That means spending time getting to know a fear when it rears its ugly head and starts shouting urgent warnings at us, resisting the gut urge to simply stop, drop, and roll far, far away. Instead we must choose to stand and truly see the fear, explore what makes it tick, pay attention to what activates its shouting or silences it, listen to it (notice I didn’t say obey it) trusting that it knows something about us we might not, decide for ourselves if it should be heeded or disarmed, and perhaps even embrace it and start leading it through the dance steps that comprise the only path to get where we need to go.

During the interview Harris related something that author Elizabeth Gilbert once said:

“Some people in the corporate world say, ‘Punch fear in the face.’ For a creator or artist to punch fear in the face means to literally punch yourself in the face, because you are your fear.”

The fears that hold us back are tangled up—often deeply so—with questions about who we are and the value we bring to the world around us. To stare those fears in the face, to identify them and validate them, to listen to them, to make empowered decisions about the space they will inhabit in our lives and landscapes, to embrace them and allow them to keep us present in our becoming and in our doing is to see ourselves and give ourselves permission to be revealed, to be heard, to inhabit space, and to make a mark in our own lives first and then in the world. To do that is to bring ourselves out of the dark, isolated corners where we’ve been hiding and into the expansive light.

We were created to know and be known; I believe that is why the first response Adam and Eve had to their initial sin was to hide, both from each other (through makeshift coverings) and from God (by hiding in the bushes). But God pursued them, called to them, found them, and brought them out of hiding and into His light. And He continues to do the same for us, not just spiritually (through the redemptive work of Christ on the cross) but also in our daily and practical moments of hiding—the hiding we do from ourselves and from each other that we haven’t even recognized yet.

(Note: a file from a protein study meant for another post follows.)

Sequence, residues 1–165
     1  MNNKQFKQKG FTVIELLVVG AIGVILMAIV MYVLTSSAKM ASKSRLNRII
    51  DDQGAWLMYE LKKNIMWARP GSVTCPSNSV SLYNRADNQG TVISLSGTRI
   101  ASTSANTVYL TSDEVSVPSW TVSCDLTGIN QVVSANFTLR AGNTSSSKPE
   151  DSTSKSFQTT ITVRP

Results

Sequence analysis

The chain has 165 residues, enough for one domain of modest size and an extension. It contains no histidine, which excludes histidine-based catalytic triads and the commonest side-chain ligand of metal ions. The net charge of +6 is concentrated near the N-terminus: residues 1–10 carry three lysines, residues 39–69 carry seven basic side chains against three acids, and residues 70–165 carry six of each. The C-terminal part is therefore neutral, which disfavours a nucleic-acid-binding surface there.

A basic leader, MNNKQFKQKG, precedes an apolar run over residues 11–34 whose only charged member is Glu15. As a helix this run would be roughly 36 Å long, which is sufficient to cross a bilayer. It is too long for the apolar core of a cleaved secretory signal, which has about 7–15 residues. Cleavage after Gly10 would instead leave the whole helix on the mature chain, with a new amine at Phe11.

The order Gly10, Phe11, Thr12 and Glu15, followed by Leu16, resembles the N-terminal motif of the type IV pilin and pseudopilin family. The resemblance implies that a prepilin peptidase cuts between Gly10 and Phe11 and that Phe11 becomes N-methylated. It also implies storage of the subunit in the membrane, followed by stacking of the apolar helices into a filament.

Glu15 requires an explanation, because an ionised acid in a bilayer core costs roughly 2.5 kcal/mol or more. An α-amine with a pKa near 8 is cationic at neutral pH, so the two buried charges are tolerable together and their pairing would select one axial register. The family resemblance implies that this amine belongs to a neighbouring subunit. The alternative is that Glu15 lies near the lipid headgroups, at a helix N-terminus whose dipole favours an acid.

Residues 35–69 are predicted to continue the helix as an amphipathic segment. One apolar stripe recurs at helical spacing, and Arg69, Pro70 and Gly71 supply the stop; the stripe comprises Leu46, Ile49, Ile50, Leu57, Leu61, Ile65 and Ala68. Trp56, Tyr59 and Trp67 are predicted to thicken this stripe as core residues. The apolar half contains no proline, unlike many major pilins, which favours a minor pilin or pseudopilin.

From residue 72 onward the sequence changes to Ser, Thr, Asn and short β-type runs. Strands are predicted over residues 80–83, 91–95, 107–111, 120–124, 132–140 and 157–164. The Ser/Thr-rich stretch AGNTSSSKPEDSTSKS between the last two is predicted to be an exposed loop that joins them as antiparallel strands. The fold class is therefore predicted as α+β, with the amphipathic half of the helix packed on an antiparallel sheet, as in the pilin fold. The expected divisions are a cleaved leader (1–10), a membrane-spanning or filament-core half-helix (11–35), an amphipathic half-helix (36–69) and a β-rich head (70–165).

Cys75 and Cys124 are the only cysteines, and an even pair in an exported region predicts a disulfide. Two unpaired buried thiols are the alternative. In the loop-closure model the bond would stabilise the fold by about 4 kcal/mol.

I have a lot of fears. Part of the work I’ve been doing in therapy over the last couple of years has been recognizing that fact and learning to see them and know them. I don’t think I can say that I’ve begun trying to dance with them yet, but maybe that time is approaching because, if I’m honest with myself, I’m allowing the presence of fear to hinder me from doing the things my soul is loudly directing me to do.

I’ve always thought fears were like road signs and that I’m the one driving the car and making decisions about which signs I follow.

But what if I’m wrong?

Actually, who am I kidding? I am wrong! Not just in the sense that I’m not the one driving the car (“Jesus take the wheel,” anyone?), but in the sense that we were never in a car to begin with. What if this life is just an intricate series of partnered dances—like ballroom dancing—where one partner leads (God) and the other follows (me)? If that’s the case, then maybe the places in my life where I allow fear to hinder me are the dances for which I have yet to take the hand of invitation and initiation that God has extended to me. Maybe fear is simply pointing me to the dances I have yet to enter.

And maybe dancing with fear looks simply like taking the chance, taking His hand, and once again trusting my partner to lead me well, remembering that He knows me and I know Him. The hardest step is not saying yes; it’s taking the first step, and as author Susan Gale once said,

“The first step is always the hardest, but it’s the only way to reach the second step.”

Maybe the first step looks more like deciding to take a hand rather than where to place a foot.


One thought on “{ punctuate : dancing with fear }